What is this “type curve” this Morningstar document refers to? It sounds impressive, and mathematically, it is. The “type curve” describes a parabolic decline function that petroleum engineers use to compute total reserves based on historical production. Here’s a type curve from Ultra, another gas producer in the Marcellus.
The alert reader will note that the graph is labeled Early Marcellus Performance. Based on about 145 days of production, Ultra estimates they will get 3.75 Bcf on average from the 13 wells sampled. This is exactly what Range Resources has done. They recently changed their drilling strategy, and have now revised their reserves estimates upward.
In mid-2009, Range began drilling wells in the southwest using longer laterals and more completion stages. In 2009, Range drilled 17 horizontal wells with average lateral lengths of 3,056 feet with an average completion of ten stages. Based on the results to date, Range estimates the longer lateral wells have reserves of 5.0 Bcfe with an average development cost of $4.0 million per well…
As a result of the additional well control and the performance of the longer lateral wells, Range has increased its estimated resource potential from 3 to 4 Bcfe per well to 4 to 5 Bcfe per well across the 430,000 net acres.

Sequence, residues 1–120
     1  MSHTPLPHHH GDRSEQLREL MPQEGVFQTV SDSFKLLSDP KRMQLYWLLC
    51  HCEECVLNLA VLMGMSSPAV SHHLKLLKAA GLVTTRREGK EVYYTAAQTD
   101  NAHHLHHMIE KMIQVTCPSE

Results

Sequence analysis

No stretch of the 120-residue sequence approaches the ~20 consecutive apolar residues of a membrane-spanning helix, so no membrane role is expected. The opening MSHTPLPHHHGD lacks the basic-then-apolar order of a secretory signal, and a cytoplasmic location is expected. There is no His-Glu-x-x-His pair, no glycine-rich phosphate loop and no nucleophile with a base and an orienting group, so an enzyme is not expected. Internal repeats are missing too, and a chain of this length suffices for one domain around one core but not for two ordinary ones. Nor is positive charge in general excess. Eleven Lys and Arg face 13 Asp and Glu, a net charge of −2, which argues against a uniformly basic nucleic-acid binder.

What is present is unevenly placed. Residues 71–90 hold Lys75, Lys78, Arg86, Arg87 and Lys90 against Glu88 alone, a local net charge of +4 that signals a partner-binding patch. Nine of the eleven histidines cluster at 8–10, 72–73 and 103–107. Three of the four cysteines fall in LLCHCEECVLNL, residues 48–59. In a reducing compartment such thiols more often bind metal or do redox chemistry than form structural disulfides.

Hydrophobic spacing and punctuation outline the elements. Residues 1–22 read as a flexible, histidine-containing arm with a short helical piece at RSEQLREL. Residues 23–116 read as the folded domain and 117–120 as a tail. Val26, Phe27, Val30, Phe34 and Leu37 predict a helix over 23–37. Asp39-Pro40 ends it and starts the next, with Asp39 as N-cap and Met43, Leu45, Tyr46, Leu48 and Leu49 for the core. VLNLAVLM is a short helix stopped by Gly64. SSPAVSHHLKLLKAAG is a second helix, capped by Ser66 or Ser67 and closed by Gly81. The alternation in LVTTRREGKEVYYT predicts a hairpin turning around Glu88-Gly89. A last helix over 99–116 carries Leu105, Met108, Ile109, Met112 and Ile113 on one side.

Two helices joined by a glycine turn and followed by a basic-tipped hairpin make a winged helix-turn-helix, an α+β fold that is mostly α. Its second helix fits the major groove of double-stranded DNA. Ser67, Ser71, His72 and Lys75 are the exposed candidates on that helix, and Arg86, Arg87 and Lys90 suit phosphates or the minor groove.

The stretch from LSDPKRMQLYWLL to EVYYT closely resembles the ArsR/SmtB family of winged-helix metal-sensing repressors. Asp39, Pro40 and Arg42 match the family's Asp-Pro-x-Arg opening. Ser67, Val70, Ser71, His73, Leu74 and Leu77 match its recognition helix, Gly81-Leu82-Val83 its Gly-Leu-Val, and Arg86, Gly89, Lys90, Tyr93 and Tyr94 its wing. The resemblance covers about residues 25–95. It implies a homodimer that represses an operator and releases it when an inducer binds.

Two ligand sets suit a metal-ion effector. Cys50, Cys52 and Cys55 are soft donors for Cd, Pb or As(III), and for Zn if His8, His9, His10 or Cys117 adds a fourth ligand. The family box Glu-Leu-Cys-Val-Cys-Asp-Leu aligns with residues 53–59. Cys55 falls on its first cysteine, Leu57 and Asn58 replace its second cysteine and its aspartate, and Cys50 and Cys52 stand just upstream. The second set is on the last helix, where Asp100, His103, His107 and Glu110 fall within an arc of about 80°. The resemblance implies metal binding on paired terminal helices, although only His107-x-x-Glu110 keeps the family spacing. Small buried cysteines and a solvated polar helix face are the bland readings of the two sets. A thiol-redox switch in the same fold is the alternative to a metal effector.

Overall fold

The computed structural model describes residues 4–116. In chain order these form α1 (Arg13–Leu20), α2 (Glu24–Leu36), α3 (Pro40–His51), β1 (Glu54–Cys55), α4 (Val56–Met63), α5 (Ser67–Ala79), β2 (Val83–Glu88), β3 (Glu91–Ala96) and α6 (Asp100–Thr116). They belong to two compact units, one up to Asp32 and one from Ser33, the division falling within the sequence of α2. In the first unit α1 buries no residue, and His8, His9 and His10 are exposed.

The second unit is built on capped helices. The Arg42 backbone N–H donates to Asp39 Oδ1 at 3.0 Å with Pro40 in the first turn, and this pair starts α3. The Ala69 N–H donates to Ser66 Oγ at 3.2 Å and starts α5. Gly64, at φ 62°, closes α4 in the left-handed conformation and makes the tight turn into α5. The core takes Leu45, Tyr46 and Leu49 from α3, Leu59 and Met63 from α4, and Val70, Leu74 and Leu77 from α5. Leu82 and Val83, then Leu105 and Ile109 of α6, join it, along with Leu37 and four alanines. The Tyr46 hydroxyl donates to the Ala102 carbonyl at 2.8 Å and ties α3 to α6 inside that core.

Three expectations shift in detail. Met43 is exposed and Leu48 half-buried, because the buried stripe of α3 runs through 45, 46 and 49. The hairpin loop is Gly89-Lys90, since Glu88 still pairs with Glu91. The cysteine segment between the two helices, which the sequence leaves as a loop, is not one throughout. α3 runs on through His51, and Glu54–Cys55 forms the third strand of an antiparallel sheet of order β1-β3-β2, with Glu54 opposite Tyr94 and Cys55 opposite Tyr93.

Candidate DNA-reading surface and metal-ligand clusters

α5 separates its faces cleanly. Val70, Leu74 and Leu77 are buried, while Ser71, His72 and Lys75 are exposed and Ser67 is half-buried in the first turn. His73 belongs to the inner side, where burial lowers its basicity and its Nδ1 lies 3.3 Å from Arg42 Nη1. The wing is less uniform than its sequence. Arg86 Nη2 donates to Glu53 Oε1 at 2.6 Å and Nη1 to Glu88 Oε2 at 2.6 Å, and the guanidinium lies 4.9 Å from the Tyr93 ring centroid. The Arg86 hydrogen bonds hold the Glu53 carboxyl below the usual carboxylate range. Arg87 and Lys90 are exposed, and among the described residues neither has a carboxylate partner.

So what’s the problem? This is all kosher, right? Well, maybe. Houston geologist Art Berman—full disclosure and friend of mine—points out the problem in Lessons from the Barnett Shale suggest caution in other shale plays—
Since little is known about the commercial potential of new shale plays like the Marcellus and Haynesville, I decided to see what could be learned from the robust production history of the Barnett Shale. What I found surprised me. Most reserve predictions based on hyperbolic production decline methods were too optimistic when compared with production performance. There is little correlation between initial production rates (IP) and ultimately recoverable reserves (EUR).
Average well life is much shorter than predicted, and the volume of the commercially recoverable resource has been greatly over-estimated. Core areas of the play do not have appreciably higher average EURs than the play overall, and the EUR from horizontal wells is not significantly greater than from vertical wells. Finally, average well performance has decreased consistently since 2003 for horizontal wells…